Types of Blockchains: PoW, PoS, and Private
Not all blockchains are the same; their various consensus mechanisms have different implications for accessibility, security, and long-term viability.
The design of blockchain systems varies significantly, notably in terms of the consensus mechanisms used to accomplish the critical duty of validating network data. Proof of Work (PoW), Proof of Stake (PoS), and methods employed by private and consortium blockchains are the most prevalent consensus processes.
Each design has various ramifications for the security, accessibility, and long-term viability of the underlying blockchain.
- Blockchain Types
- Proof-of-Work Blockchains
- Proof-of-Stake Blockchains
- Private and Consortium Blockchains
While many people think of blockchain as a single technology, there is a lot of variance in how different blockchain networks work. The sort of consensus mechanism used by each blockchain is a fundamental distinction.
A consensus mechanism is a method through which a dispersed network comes to an agreement on network information, such as whether transactions are valid and in what sequence they should occur.
The consensus mechanism is also important for securing the blockchain network against hostile actors such as hackers.
To provide consensus, most public blockchain networks currently use Proof of Work (PoW) or Proof of Stake (PoS), whereas private — or ‘permissioned’ — blockchains and Distributed Ledger Technologies (DLTs) can be organized in a variety of ways to emphasize speed, security, and scalability.
To have a better grasp of the various implementations, we’ll look at the most common blockchain consensus mechanisms:
The PoW consensus process, which was introduced first by Bitcoin, is one of the most extensively used mechanisms in the blockchain. Miners and the electricity they need to do the calculations that verify BTC transactions are the defining components of PoW systems.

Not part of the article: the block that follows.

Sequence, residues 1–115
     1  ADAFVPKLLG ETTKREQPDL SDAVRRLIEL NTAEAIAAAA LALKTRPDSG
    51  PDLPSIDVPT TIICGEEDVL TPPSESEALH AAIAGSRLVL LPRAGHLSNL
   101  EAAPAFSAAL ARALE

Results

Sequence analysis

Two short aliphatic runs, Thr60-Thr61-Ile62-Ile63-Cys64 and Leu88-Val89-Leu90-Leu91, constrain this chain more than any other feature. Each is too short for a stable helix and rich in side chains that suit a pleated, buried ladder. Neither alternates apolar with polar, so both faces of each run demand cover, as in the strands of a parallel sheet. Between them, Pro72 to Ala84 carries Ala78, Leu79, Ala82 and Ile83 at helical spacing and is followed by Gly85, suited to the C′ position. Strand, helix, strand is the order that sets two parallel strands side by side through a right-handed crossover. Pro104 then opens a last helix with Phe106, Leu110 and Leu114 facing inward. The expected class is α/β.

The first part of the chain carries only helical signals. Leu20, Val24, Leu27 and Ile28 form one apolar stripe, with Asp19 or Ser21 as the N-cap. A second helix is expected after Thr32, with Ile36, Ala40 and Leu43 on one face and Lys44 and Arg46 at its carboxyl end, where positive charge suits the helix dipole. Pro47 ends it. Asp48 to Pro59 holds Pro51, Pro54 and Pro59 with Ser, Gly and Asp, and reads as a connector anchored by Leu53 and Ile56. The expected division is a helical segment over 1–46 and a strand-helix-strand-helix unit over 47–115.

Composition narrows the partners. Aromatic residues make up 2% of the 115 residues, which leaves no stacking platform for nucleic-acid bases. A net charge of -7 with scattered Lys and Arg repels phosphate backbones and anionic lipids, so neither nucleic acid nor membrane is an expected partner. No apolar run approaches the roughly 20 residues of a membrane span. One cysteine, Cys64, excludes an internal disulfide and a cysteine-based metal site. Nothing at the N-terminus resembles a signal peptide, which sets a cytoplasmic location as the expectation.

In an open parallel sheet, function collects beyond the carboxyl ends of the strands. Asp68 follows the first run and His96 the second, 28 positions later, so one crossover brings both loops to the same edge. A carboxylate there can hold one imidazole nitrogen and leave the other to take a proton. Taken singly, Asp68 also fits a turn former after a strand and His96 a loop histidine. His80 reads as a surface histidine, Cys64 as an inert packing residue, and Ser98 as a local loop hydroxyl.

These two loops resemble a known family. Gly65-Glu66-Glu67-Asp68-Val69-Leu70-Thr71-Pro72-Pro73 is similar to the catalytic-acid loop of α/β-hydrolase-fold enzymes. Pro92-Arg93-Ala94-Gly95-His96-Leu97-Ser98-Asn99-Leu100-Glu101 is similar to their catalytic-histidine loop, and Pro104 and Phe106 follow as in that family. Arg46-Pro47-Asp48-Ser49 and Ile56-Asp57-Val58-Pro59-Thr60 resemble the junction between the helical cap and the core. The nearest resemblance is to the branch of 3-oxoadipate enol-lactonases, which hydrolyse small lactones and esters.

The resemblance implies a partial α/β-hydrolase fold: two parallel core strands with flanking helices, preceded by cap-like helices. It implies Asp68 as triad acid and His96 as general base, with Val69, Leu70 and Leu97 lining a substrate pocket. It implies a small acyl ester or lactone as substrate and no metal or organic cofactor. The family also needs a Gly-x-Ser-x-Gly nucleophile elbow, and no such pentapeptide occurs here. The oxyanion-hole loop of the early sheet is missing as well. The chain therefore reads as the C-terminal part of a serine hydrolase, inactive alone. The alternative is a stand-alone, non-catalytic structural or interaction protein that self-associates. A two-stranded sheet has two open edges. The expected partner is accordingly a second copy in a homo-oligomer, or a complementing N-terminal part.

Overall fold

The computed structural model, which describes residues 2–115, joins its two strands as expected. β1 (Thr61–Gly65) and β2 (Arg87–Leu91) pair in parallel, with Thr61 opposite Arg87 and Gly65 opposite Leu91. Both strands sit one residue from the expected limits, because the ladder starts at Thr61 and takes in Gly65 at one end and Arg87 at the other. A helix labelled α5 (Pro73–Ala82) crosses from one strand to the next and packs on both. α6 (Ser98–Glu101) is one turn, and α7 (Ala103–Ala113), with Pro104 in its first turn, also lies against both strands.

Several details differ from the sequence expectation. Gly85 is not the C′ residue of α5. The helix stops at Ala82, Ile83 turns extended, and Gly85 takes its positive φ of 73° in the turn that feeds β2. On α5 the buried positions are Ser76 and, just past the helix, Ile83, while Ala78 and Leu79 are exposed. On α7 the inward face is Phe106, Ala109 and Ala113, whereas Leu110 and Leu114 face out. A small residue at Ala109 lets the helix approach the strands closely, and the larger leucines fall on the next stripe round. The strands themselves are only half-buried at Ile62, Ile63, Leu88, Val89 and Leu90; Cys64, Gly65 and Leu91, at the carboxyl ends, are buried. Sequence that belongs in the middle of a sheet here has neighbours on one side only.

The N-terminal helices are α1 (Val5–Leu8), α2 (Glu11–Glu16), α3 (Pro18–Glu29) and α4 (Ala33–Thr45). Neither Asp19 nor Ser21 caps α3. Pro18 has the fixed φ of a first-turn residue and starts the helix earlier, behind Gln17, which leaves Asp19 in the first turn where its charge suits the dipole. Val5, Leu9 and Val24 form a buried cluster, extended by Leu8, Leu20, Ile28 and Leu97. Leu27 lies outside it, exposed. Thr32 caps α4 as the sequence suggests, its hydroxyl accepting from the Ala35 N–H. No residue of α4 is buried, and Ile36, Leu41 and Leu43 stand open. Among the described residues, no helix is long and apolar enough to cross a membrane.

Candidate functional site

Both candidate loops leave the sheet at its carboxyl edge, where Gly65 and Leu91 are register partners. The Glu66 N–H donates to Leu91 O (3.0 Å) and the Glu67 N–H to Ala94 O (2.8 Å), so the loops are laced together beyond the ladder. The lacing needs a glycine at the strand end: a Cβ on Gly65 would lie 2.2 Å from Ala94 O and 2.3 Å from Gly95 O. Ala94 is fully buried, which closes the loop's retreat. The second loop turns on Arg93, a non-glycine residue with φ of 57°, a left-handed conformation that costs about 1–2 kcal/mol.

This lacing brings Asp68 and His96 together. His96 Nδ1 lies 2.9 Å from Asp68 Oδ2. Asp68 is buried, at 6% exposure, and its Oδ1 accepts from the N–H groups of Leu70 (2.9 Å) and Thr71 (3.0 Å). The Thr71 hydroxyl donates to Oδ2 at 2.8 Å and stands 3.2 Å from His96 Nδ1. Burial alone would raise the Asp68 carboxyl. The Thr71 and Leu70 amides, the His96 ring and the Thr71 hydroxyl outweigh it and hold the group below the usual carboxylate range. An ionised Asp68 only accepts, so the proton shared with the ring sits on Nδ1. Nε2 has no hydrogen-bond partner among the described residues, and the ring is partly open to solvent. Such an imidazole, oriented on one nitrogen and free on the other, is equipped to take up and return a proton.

Miners use computer hardware to run network nodes that use computational power to solve mathematical challenges known as proofs of work algorithmically.
The miner who solves the riddle first confirms the blockchain’s most recent block of transactions. The successful miner then broadcasts the new block to all other nodes, who subsequently verify its accuracy and add it to their copy of the blockchain, creating a verifiable data record for the entire network.
This verification procedure denotes consensus. A new block can only be added to the network after this data has been confirmed. Miners receive newly minted cryptocurrency, the block reward, (in the case of Bitcoin, they receive BTC) for being the first to validate a new block of data and add it to the PoW blockchain.
Proof-of-Work Blockchains strive to produce blocks at regular intervals; for example, Bitcoin generates one block every ten minutes. Because the process of proving labor is so energy-intensive, PoW networks are constrained in terms of speed and scalability.
Furthermore, PoW networks are coded to be more or less difficult depending on the network’s processing power.
Computational power can be thought of as a form of competition: more computational power means more competition, which means more difficult proofs of work.